At the back of the hill

Warning: If you stay here long enough you will gain weight! Grazing here strongly suggests that you are either omnivorous, or a glutton. And you might like cheese-doodles.
BTW: I'm presently searching for another person who likes cheese-doodles.
Please form a caseophilic line to the right. Thank you.

Friday, February 10, 2017

COMMANDO UNDER THE FLAPPY BIT

One of the members of the local pipe club is of Scottish descent, and actively promotes things such as Burns Night and the wearing of skirts. Which is somewhat in keeping with being a pipe smoker, as Scotland is known for good tobacco (not grown there, no longer made there or likely even sold there, but sometimes found there in the days when Britain was great), fine woolen cloth, and plain albeit truly bizarre food.
Have a bit of skink with your haggis, dear.
Ooh, lovely, and thankee kindly.
Black buns?

At our recent meeting he made the staggering claim that Robert Burns was a splendid poet.


Look, I suppose that if you've got only one (1) versifier, whatever he does is jes' wunnerful and worth celebrating, but the world might not agree.

Besides, you are forgetting Ewan McTeagle.


This blogger is not vested in Scottish poetry or cuisine, and would argue that such things don't actually exist, or, if they do, that they shouldn't. At the meeting I smoked two bowls of McConnell's Folded Flake in stunned silence, before making off with the open tin of GLP's Union Square.


Mr. Shaw disquisitioned for slightly over an hour on the romance and beauty of Scotland and its glorious history of violent real-estate transactions.
With visuals, and a wee sidetrack into liquor.

He had come well prepared. He was wearing a kilt (and a tiny sword), he had coloured slides, and there were bottles.


SHORT DOCUMENTARY CLIPS

For the benefit of the club exile stuck in the snows of Boston these past few years, as well as the members presently living among the Hobbits in New Zealand, here are two videos that perfectly encapsulate the all-too brief history of Caledonia presented last night.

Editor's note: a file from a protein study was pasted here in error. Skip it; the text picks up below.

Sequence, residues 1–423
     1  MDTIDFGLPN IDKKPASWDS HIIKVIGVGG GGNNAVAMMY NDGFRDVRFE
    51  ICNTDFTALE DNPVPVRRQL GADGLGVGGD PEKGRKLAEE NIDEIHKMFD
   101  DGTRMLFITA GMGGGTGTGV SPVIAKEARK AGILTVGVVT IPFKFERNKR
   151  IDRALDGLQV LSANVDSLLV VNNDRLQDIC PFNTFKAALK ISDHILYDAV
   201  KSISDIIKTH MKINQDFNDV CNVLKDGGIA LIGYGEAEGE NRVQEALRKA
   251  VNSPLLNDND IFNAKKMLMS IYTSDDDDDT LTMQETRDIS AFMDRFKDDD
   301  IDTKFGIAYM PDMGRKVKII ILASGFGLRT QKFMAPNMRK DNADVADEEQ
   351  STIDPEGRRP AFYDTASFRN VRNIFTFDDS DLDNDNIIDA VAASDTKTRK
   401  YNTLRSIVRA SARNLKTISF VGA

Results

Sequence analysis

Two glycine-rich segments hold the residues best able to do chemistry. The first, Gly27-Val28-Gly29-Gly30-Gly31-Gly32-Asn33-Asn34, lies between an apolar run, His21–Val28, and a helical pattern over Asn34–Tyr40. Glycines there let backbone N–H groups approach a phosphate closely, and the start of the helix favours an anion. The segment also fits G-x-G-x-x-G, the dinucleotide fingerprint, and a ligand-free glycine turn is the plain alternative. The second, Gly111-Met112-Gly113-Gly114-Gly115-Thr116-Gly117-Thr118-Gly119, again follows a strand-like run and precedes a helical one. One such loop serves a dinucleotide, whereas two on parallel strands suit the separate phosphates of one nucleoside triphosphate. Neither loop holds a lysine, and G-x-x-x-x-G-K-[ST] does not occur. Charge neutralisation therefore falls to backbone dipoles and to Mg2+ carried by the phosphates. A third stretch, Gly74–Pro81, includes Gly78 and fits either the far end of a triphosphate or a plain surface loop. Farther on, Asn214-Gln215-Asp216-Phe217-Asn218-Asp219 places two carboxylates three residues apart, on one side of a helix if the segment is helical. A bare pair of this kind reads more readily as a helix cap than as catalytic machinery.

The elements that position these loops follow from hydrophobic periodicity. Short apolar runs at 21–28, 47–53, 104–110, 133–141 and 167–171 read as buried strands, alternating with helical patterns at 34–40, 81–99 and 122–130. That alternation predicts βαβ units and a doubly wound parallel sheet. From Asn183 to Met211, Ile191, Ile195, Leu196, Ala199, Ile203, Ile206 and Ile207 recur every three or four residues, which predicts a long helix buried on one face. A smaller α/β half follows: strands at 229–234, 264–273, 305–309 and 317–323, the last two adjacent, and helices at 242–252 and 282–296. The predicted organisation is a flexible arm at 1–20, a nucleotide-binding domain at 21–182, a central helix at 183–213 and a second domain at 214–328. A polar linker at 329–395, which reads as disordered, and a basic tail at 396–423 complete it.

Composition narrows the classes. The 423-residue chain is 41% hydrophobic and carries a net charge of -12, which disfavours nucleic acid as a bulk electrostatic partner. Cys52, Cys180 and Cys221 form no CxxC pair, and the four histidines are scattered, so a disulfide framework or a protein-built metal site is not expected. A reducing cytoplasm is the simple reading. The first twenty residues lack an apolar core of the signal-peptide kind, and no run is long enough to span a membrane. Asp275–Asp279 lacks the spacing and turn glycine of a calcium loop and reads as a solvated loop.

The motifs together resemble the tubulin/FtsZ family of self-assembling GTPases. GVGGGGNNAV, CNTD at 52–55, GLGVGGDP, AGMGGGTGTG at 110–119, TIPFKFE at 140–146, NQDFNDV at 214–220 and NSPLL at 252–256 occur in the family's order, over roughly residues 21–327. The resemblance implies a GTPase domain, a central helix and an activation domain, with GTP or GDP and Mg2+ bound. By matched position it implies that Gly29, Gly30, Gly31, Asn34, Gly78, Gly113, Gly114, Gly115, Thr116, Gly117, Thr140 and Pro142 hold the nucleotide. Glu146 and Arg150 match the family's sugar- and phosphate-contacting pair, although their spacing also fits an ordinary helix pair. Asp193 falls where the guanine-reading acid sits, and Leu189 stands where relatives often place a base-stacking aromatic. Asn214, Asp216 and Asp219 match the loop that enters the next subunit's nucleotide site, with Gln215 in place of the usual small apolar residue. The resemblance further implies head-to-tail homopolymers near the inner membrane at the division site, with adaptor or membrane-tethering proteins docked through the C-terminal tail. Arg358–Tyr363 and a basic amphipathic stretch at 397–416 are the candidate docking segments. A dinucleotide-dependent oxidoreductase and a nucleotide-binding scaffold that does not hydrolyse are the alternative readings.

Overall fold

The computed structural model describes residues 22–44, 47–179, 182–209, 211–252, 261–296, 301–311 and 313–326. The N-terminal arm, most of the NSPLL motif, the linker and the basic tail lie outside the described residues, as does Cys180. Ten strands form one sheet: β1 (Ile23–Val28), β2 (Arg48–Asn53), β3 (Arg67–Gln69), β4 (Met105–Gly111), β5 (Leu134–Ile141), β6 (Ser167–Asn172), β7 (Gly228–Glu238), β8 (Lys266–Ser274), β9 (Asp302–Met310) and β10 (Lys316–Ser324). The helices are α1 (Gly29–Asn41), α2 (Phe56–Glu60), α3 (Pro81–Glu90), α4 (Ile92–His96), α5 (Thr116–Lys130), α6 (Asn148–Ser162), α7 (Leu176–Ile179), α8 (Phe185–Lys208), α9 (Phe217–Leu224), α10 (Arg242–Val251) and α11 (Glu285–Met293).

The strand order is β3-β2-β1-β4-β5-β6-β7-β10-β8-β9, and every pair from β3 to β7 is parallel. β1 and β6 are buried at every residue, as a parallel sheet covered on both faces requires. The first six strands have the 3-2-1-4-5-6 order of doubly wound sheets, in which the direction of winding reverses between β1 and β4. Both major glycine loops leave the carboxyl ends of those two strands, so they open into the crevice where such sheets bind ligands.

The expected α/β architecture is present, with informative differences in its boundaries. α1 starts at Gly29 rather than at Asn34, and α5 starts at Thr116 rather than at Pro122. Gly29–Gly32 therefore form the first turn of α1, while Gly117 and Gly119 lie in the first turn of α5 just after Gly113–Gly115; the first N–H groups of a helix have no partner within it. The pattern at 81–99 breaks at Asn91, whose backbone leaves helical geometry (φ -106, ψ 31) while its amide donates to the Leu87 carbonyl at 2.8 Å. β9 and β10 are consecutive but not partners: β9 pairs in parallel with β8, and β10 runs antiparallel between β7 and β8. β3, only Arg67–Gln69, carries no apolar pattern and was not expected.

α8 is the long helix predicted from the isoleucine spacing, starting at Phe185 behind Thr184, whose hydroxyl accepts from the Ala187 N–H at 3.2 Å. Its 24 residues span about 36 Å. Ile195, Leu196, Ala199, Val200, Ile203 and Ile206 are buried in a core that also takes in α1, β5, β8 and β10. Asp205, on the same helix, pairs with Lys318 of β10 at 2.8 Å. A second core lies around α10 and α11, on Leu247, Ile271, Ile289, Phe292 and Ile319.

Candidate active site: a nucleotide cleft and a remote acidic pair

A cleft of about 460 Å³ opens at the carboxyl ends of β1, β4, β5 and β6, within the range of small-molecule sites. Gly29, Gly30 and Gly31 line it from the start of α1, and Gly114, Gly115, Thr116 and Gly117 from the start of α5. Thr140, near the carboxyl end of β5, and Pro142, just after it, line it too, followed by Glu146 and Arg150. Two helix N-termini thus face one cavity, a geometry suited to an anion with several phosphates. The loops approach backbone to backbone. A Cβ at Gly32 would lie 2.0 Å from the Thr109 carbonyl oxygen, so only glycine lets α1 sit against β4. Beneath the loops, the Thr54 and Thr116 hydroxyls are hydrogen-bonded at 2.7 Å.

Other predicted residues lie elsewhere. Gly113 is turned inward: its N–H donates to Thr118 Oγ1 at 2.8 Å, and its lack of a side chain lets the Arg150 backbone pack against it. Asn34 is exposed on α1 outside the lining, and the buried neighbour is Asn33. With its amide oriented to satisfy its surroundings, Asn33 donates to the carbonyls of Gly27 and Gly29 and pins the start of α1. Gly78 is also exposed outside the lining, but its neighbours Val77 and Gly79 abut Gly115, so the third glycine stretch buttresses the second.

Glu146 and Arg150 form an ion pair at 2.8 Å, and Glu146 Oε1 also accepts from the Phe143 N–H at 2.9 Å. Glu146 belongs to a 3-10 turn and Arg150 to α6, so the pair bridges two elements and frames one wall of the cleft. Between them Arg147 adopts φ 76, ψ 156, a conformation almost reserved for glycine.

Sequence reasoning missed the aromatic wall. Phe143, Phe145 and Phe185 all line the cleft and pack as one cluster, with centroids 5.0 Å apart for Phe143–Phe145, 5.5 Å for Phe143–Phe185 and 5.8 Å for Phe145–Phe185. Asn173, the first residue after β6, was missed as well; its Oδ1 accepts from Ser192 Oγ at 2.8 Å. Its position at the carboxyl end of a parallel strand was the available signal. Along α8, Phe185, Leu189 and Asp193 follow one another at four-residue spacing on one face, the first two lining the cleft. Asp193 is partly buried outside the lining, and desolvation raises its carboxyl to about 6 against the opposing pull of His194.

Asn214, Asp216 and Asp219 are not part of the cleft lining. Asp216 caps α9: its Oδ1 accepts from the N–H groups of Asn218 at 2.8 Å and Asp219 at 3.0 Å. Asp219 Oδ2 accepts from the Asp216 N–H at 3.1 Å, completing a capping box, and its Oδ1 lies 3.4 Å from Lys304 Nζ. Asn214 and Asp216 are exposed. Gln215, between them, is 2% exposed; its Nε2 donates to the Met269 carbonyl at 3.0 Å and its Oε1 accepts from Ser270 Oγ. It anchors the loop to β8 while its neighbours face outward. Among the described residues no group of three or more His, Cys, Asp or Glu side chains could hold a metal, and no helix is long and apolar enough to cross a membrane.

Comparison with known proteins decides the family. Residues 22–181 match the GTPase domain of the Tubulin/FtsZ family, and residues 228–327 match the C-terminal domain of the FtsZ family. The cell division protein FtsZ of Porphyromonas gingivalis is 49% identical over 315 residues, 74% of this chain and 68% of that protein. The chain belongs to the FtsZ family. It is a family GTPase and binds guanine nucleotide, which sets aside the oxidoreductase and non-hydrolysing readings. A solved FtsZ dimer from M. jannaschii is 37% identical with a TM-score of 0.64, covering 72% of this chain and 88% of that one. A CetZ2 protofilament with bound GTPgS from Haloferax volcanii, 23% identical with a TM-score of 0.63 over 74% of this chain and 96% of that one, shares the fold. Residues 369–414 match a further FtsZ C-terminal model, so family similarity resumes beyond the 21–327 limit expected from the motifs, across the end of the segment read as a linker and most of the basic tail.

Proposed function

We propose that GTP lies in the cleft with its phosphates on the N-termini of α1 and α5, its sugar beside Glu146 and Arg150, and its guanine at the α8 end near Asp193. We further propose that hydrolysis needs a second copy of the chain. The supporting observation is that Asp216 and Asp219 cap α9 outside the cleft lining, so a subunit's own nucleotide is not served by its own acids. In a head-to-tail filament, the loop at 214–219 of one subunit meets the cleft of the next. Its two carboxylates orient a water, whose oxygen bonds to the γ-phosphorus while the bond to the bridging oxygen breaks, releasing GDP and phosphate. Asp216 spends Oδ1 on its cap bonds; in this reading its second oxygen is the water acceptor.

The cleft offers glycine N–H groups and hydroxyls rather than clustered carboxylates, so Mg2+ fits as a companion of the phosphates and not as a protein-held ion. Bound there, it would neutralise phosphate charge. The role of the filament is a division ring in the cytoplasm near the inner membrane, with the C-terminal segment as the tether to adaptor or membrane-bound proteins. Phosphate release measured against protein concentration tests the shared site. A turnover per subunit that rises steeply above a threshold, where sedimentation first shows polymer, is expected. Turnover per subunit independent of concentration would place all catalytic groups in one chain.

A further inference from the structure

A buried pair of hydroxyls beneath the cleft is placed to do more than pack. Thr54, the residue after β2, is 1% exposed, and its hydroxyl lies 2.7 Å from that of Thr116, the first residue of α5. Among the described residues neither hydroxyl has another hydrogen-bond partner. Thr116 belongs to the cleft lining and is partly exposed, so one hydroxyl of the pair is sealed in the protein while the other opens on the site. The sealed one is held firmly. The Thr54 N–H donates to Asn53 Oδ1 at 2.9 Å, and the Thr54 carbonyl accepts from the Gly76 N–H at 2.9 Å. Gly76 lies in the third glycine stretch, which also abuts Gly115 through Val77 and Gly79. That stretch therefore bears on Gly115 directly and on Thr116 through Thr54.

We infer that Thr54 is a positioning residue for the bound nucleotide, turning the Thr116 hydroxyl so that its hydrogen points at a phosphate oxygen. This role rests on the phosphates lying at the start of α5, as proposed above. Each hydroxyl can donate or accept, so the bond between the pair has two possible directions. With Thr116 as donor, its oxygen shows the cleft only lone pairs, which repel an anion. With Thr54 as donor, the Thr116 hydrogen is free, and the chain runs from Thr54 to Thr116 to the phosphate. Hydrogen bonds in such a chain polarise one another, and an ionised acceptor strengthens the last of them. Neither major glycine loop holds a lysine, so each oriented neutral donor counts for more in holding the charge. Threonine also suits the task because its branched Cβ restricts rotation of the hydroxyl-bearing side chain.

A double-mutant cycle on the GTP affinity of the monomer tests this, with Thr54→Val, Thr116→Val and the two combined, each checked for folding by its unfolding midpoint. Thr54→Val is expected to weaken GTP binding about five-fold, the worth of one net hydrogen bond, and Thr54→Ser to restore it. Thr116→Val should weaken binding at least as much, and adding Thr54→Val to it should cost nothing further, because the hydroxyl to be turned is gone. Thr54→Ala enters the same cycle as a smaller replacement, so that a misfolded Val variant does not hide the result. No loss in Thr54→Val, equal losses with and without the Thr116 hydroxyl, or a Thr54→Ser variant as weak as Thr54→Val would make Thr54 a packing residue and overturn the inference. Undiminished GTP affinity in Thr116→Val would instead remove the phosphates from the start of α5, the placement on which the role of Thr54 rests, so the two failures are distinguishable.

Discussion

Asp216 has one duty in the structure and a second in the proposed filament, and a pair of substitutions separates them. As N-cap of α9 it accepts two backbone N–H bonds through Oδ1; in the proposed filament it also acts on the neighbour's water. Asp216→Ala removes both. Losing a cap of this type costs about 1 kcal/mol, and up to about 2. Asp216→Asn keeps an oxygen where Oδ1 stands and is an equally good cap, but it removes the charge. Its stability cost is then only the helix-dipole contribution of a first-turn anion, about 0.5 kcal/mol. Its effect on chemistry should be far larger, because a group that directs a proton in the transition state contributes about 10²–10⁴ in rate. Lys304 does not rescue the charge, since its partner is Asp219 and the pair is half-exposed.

[SOURCE: https://www.youtube.com/watch?v=GR6Jcp_vYVg.]


[SOURCE: https://www.youtube.com/watch?v=sVbb6pZLfzU.]

It was a good meeting, and there was some lovely baccy floating around. The weather, though rainy, was warmish, and because the subcontinental liberal did not come to irritate the Hibernian savage, the cigar lounge at the far end of the building was peaceful, rather than the pit of howling madness and outraged screaming it normally is. They did not disturb us civilized smokers like they usually do.

[Irish tobacco: what you smoke to disguise the odeur of your mildewed tweed.]


As a lagniappe, here is an infestation of pipers:


[SOURCE: https://www.youtube.com/watch?v=QcA4ffFNiAk.]

Particular mention must be made of the lovely shortbread provided by Neal (there were two types, he baked them himself ) and the fact that more Rattray tobacco was consumed last night than any other brand; Old Gowrie, Hal O'The Wynd, Black Mallory, i drugiye togo tipo.


Afterwards, the kilt-wearing individual with the hairy calves, a graphic artist, and a Dutch person all repaired to a tavern, where yet more whisky was consumed and tobacco enjoyed. The two first mentioned gentlemen retired after a while, but the Netherlander stayed to stir up revolution and insult the Trumpites, certain he could find such among the cigar smokers present.